Last year I had one of the best birthdays of my entire adult life. I would like to say “the very best,” but I feel like maybe I’m not remembering all of them, and I love birthdays so I also can’t remember any bad ones.
One year as a not-adult, my brother knocked his teeth out at daycare, and I came home to find him watching Disney movies, from inside a fort of his own presents. We went to Chi Chi’s and everything was fine until I had to wear the “house sombrero” before I could blow the candle out on the rapidly melting fried ice cream. But I was 13, so that birthday had a lot more potential for disaster.
My mom dabbled in cake decorating for a while, and I got the better end of that time period than my brother, who either wasn't old enough or wasn't born yet to remember any of her work with icing. There was a ballerina cake that matched my jewelry box, a Rose Petal Place cake for my dolls, and a several more all photographed for posterity in my “Kate’s Birthdays” photo album back home.
There are 2.9 bazillion photos of me as a child, and only 37 photos of my brother. (Not that anyone but my mom has counted.)
I went to California last year to be alone. To sit with things and feel the feelings that I had, not pinch the ones I didn’t like back under my skin. I knew what I was getting myself into and I knew that my birthday was part of it. That I ran a big risk of spending it all by myself in a studio apartment, eating peanut butter M&Ms and watching a Vanderpump Rules marathon.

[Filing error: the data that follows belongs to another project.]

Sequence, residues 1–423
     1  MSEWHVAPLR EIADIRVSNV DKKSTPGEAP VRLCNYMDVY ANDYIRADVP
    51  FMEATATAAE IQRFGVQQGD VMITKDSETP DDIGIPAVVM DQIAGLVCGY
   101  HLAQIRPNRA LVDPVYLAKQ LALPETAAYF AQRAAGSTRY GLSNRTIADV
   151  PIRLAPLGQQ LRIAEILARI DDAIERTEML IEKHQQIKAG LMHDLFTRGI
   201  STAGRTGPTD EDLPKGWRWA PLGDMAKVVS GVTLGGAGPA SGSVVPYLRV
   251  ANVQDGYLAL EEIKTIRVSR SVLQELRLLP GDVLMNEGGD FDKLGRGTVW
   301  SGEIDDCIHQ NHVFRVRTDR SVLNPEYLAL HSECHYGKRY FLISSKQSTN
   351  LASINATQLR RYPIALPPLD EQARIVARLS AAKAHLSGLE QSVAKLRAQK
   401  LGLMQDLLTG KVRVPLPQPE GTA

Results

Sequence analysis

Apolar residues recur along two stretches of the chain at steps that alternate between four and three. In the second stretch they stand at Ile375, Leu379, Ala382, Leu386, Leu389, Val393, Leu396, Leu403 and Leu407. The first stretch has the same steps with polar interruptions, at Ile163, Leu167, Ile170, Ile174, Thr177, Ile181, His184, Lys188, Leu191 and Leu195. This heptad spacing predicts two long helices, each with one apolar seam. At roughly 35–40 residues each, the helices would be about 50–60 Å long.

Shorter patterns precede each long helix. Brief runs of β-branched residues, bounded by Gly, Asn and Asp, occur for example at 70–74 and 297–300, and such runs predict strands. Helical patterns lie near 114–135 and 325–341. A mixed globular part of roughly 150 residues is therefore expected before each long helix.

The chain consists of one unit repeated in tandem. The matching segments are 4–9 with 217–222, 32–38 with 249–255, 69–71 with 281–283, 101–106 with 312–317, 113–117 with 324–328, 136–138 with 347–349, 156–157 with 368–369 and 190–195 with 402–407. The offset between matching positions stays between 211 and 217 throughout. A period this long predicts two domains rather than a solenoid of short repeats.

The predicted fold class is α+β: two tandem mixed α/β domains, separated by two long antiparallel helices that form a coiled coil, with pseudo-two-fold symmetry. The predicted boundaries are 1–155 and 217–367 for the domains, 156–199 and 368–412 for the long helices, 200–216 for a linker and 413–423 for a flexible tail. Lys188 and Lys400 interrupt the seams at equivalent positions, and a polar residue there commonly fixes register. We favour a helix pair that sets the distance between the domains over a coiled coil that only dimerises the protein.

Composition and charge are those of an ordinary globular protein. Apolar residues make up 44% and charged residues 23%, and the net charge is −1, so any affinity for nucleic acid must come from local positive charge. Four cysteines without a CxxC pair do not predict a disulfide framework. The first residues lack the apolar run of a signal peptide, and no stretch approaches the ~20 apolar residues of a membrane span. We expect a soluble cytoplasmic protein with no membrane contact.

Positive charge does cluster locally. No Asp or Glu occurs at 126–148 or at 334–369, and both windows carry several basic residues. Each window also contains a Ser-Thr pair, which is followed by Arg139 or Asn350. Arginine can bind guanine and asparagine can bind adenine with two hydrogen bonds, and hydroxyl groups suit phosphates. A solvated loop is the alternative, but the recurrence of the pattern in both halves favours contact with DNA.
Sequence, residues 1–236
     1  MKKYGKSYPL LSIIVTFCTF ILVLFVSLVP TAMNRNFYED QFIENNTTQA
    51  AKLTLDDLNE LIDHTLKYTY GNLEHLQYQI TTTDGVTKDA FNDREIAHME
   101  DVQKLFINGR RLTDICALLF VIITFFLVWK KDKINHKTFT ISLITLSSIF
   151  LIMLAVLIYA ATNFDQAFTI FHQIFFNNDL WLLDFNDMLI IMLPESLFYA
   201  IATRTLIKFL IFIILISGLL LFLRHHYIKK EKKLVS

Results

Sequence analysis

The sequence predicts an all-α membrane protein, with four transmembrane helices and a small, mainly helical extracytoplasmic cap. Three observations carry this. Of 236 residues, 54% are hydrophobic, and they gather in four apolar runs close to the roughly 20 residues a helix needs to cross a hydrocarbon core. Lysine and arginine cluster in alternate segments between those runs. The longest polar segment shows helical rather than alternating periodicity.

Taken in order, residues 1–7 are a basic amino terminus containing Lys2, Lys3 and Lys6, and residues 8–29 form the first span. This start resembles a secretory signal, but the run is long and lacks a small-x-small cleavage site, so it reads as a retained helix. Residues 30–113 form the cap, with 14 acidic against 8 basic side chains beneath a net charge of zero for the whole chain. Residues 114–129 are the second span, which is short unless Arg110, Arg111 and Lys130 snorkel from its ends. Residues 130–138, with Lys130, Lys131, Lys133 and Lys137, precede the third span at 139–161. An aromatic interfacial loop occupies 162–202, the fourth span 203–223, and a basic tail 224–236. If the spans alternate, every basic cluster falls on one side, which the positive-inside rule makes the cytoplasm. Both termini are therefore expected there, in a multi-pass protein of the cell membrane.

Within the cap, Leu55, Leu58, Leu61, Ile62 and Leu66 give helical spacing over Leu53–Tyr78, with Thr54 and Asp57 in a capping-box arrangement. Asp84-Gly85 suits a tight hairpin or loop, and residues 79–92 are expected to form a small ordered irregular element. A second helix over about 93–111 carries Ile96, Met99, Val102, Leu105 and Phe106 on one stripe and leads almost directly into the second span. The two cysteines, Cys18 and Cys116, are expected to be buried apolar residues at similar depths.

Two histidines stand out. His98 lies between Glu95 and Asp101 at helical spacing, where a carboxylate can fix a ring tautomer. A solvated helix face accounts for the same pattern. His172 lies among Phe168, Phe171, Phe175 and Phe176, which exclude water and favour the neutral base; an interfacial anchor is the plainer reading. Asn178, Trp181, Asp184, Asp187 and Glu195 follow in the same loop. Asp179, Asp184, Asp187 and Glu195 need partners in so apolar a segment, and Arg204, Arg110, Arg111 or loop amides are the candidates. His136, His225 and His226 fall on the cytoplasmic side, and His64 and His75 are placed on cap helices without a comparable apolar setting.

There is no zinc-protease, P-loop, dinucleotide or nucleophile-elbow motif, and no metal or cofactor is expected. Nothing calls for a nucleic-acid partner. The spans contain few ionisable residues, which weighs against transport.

Instead, I went hiking. I bought juice and I saw the ocean and I hung out with friends in a basement bar, wearing a tan and a wide, open-mouth smile.
I honestly can’t tell if it’s the lack of expectations or the actual events that were the key to success. There’s much I still have to learn about how to just do whatever the fuck I was going to do anyway and bank on others catching up. About how to only want the ones who catch up, that there are those who will.
Today at the studio, one of the students told me about her injury and how she constantly compares what she could do in class last year with what she can’t do now.
“Oh, you can’t compare it. Then everything just feels terrible,” I said.
It happens when you’re not looking for it. You look for it all the time. Stop comparing the years. You search through all 2.9 bazillion photos for evidence of happiness. Which cake was my favorite? All of them because then I wasn’t thinking about hanging on to this one “because what if the next one sucks?”
This year, this day, today, I’m going to hang out with my brother, because that is what I actually want to do. (And he currently has all of his teeth.)